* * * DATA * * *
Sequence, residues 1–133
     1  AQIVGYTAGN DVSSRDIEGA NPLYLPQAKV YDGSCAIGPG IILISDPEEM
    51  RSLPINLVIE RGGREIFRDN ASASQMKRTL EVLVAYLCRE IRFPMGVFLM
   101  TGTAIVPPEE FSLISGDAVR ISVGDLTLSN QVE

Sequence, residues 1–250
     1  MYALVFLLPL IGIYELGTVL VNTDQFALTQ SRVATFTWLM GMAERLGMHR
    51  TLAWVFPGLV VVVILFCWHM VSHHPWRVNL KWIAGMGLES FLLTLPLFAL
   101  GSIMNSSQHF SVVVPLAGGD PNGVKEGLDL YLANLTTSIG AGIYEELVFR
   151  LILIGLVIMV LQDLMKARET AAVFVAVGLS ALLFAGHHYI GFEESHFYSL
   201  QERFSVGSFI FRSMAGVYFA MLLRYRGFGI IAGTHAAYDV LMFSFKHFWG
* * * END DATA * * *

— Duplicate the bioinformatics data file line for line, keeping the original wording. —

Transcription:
Sequence, residues 1–133
     1  AQIVGYTAGN DVSSRDIEGA NPLYLPQAKV YDGSCAIGPG IILISDPEEM
    51  RSLPINLVIE RGGREIFRDN ASASQMKRTL EVLVAYLCRE IRFPMGVFLM
   101  TGTAIVPPEE FSLISGDAVR ISVGDLTLSN QVE

Sequence, residues 1–250
     1  MYALVFLLPL IGIYELGTVL VNTDQFALTQ SRVATFTWLM GMAERLGMHR
    51  TLAWVFPGLV VVVILFCWHM VSHHPWRVNL KWIAGMGLES FLLTLPLFAL
   101  GSIMNSSQHF SVVVPLAGGD PNGVKEGLDL YLANLTTSIG AGIYEELVFR
   151  LILIGLVIMV LQDLMKARET AAVFVAVGLS ALLFAGHHYI GFEESHFYSL
   201  QERFSVGSFI FRSMAGVYFA MLLRYRGFGI IAGTHAAYDV LMFSFKHFWG